A Californian homeowner is suing a prospective buyer for attempting to pay for 30% of the property using a “worthless” cryptocurrency.
After attempting to sell her home, California-based psychologist Mary Shea is suing buyer, Mike Cherwenka, for attempting to pay for 30% of the property’s value in the form of a “worthless” crypto asset called ‘Troptions.Gold.’ The dispute has left her unable to sell the home as Cherwenka’s company still claims an interest in it.
Shea accuses Cherwenka and his company Best Buy Homes of violating securities and state racketeering laws by misleading herself and other members of the public as to the nature of the Troption virtual currency.
Her complaint states:
“Cherwenka and Best Buy defrauded Shea by executing a scheme whereby they would offer to purchase her property for cash, and then, as part of the scheme, introduce confusing and false statements into the real estate contract that would, in their view, give them license to ‘pay’ for the property using worthless Troptions.Gold”
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After negotiating a sale price of $125,000, Shea states that Cherwenka presented the contract with clauses relating to a Troptions payment, with no further elaboration made.
The plaintiff states that she was assured by her real estate broker than an independent attorney would confirm the funds prior to the deal’s closure, however she later discovered that the closing attorney was associated with Cherwenka.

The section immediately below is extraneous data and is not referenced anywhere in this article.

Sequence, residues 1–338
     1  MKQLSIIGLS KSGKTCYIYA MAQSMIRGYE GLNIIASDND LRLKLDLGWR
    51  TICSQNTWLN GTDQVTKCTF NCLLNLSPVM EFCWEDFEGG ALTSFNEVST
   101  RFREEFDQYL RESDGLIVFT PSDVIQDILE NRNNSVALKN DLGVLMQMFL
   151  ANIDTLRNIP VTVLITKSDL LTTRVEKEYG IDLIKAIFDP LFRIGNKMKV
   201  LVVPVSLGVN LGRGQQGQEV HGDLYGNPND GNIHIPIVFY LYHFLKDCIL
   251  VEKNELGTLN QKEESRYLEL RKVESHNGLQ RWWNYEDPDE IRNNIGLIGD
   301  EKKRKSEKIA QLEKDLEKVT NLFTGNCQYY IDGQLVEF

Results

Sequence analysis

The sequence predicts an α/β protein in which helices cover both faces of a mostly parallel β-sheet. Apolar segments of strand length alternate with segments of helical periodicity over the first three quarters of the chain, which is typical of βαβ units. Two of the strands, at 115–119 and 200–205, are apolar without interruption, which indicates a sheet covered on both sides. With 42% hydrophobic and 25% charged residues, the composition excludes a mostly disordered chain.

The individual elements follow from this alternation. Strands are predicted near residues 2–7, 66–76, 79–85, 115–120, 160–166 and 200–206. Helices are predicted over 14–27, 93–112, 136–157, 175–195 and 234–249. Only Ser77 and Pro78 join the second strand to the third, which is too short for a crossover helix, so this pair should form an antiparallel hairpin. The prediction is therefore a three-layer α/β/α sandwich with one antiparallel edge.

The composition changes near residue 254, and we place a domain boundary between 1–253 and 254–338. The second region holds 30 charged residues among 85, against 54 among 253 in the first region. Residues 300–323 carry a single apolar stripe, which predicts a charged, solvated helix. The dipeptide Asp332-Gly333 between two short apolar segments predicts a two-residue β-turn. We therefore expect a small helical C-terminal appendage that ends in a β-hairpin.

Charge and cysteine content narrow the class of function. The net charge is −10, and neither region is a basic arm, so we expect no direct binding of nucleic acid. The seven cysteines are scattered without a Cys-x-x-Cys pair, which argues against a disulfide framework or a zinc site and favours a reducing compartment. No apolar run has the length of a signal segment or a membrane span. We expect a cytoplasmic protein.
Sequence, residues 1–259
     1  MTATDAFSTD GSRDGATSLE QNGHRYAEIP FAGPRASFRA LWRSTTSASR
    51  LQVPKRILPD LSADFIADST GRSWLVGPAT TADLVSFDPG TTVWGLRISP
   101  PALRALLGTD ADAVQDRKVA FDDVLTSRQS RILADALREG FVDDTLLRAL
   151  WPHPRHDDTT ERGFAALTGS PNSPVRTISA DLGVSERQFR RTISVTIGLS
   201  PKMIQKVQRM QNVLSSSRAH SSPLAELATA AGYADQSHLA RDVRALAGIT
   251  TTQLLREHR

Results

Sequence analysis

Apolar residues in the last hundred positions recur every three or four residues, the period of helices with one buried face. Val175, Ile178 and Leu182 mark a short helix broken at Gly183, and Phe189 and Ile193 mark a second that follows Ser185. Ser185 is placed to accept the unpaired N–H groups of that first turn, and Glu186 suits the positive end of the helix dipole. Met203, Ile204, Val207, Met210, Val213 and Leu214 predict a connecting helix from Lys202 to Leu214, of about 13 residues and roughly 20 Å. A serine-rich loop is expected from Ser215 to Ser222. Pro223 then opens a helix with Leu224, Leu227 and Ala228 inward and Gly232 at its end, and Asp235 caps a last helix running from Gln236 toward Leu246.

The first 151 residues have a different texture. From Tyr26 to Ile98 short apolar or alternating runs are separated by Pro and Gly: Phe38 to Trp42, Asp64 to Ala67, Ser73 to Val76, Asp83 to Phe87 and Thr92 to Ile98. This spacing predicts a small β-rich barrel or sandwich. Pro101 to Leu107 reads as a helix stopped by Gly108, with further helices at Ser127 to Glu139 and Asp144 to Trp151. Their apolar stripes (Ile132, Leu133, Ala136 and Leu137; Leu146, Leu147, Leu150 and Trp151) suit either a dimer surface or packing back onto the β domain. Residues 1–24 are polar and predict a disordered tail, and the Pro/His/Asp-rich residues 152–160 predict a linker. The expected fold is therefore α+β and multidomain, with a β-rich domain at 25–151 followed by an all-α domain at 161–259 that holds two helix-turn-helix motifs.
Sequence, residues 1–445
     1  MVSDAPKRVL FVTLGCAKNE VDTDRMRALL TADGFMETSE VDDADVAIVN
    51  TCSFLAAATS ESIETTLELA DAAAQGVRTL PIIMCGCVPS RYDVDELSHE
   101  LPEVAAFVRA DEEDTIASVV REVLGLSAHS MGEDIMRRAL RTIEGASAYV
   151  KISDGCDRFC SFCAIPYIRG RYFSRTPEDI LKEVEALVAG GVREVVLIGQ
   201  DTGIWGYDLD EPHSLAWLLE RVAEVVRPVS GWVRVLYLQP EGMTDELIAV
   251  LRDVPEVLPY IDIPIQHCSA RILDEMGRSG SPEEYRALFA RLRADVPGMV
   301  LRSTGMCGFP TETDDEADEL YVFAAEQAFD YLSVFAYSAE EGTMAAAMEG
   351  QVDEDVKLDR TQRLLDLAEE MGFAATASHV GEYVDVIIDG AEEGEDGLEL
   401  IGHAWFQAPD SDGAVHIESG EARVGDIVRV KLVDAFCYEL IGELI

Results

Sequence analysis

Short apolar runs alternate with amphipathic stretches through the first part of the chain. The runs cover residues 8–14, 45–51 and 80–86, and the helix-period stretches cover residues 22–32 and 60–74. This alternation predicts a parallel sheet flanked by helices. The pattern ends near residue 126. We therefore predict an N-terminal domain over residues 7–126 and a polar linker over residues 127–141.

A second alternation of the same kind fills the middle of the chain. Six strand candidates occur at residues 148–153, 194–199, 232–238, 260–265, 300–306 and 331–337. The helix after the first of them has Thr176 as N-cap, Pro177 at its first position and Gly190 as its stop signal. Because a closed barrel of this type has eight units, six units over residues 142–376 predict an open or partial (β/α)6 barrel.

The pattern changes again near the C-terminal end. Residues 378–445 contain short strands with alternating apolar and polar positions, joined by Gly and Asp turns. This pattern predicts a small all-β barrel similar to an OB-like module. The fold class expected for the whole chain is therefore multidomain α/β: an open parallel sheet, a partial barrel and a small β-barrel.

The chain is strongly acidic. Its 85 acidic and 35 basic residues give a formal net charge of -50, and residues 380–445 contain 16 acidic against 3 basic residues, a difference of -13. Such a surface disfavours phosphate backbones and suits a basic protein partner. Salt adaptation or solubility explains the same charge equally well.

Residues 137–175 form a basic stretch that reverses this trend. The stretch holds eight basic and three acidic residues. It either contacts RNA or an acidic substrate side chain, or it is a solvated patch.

On the closing date in March, Cherwenka threatened to sue Shea when she expressed apprehension after being instructed to open a digital wallet to accept the Troptions. After refusing to finalize the sale, Best Buy Homes sued Shea in the state court, despite the case having no standing due to Cherwenka’s name being listed on the contract rather than his firm.
Despite voluntarily dismissing the suit, Best Buy Homes has filed a notice of pending litigation concerning the property — preventing Shea from selling the home or collection rents, and forcing the plaintiff to continue making mortgage payments.
“Every day that Best Buy wrongfully claims an interest in her property, Shea cannot find a buyer who will pay legal tender,” the suit says.
Shea claims she planned to use the funds from the sale to pay off student loan debt.
‘Troptions are worthless’
Troptions.Gold is one of several ‘Troptions’-branded crypto assets promoted by troptionsxchange.com.
Shea cites numerous examples of allegedly false statements published on the company’s website, including assertions that the token can be freely traded for cash, and that the U.S. Commodity Futures Trading Commission ruled that Troptions.Gold comprises a commodity and not a security.
The plaintiff adds that claims the coin can be traded on the XCP decentralized marketplace are false, and suggested there was evidence that the platform’s pairings for Troptions.Gold are manipulated.
Troptions founder dies
Shea alleges that Cherwenka is one of numerous individuals who have heavily promoted the coin through social media posts and in-person events.
In February 2019, Missouri secretary of state Jay Ashcroft issued a cease-and-desist against Troptions Corporation and its founder Garland Harris — accusing the firm of “selling an unregistered security and making false and misleading statements,” seeking up to $60,000 in fines for the violations.
The plaintiff notes that the suit was later voluntarily dismissed due to the death of Harris, not because it was found to lack merit.